What Grocery Store Chicken Labels Really Mean

Chicken is the world's most widely consumed meat; nearly 118 tons were consumed in 2019 alone. The United States is also one of the biggest chicken producers globally, outpacing meatpacking superpowers like China. The meat is a staple in all types of American cuisine, from everything to tailgate-ready wings to Southern fried chicken. But is all chicken created equal? 

Consumers don't seem to think so. There are many different labels on chicken that you can find at the grocery store ranging from "organic" to "antibiotic-free." These claims feed into consumer concerns about the ethical production practices of their poultry — including questions about how the animal was raised and what its diet consisted of. The chicken industry has fed into these queries, continuing to present claims on their products without any explanation as to what the claim means. In all of our quests to become more educated consumers, here are some of the most common labels you see on chicken products and what they actually mean. 

Chicken grade

No, chicken grading doesn't happen when a hen gets an A+ on her spelling test. The United States Department of Agriculture chicken grades are part of an inspection process that assures that the meat being sold to consumers is both safe and of the highest quality possible. Once producers have passed an initial inspection via the USDA's Food Safety and Inspection Service (FSIS), grading is an optional step pursued by a different agency: the USDA's Agricultural Marketing Service (AMS). This voluntary program is paid for by the processor, compared to the mandatory inspection paid for via tax dollars.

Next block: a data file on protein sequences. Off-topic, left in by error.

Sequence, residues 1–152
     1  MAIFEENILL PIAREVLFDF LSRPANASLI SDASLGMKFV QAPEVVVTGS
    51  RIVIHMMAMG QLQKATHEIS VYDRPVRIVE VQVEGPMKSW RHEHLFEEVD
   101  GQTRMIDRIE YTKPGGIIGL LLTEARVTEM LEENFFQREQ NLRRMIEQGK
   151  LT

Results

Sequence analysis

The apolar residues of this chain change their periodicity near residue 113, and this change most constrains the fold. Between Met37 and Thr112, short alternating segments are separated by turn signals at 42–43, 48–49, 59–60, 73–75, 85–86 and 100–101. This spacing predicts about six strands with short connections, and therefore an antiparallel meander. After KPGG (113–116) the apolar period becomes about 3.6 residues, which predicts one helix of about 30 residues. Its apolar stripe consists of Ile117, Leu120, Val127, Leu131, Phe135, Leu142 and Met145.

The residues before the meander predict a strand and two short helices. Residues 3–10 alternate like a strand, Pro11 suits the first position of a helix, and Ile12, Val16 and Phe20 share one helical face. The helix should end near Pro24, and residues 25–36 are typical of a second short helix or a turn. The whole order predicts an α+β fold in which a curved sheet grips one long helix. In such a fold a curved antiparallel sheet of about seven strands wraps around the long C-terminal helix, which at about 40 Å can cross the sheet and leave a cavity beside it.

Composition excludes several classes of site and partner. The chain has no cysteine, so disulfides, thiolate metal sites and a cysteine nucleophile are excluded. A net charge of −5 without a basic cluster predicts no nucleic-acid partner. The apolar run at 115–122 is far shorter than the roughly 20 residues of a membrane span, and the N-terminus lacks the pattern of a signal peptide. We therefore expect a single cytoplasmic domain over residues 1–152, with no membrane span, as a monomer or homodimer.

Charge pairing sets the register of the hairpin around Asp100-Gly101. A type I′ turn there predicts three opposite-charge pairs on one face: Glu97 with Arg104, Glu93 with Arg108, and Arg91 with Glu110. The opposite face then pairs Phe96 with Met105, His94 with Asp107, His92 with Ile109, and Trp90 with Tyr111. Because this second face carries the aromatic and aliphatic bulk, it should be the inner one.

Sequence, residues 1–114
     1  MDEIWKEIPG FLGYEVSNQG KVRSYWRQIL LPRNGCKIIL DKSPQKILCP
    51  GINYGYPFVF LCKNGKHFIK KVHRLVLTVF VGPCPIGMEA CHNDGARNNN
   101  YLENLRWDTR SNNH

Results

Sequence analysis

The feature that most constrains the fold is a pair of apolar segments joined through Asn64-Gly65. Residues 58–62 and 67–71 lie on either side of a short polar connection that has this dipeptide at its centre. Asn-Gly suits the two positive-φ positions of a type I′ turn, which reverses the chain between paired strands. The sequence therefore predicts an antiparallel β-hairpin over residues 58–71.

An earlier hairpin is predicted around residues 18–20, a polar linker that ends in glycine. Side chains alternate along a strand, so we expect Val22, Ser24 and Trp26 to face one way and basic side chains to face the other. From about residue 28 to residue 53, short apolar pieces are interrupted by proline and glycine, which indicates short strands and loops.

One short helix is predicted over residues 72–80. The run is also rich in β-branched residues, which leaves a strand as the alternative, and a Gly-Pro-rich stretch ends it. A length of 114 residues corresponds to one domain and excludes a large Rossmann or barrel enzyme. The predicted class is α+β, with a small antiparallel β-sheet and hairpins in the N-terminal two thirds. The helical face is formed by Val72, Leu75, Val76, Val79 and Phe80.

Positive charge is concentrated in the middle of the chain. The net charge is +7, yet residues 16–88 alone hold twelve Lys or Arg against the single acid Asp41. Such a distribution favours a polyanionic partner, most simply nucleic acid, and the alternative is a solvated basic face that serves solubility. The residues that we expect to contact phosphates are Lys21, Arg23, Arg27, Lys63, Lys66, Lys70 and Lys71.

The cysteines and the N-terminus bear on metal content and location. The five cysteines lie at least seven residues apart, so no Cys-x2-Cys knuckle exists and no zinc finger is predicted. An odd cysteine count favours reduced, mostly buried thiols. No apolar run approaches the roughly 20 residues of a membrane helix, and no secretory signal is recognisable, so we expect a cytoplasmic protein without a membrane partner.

All meat, including beef, pork, and chicken, is graded based on standards that evaluate a meat's shape, appearance, fat, and skin. Grade A poultry is the only grade available to purchase in a grocery store. To achieve this standard, the meat must not have any bruising, discoloration, or feathers. The overall appearance of the chicken must be "well-fleshed," meaning that it has a bright (appetizing) appearance. 

What happens to the Grade B and C chicken? These are either sold to consumers as ungraded or are ground up and used in chicken products. Grade B chicken features fewer deformities than the latter, such as disjointed bones, while Grade C may have bones that are both disjointed and broken.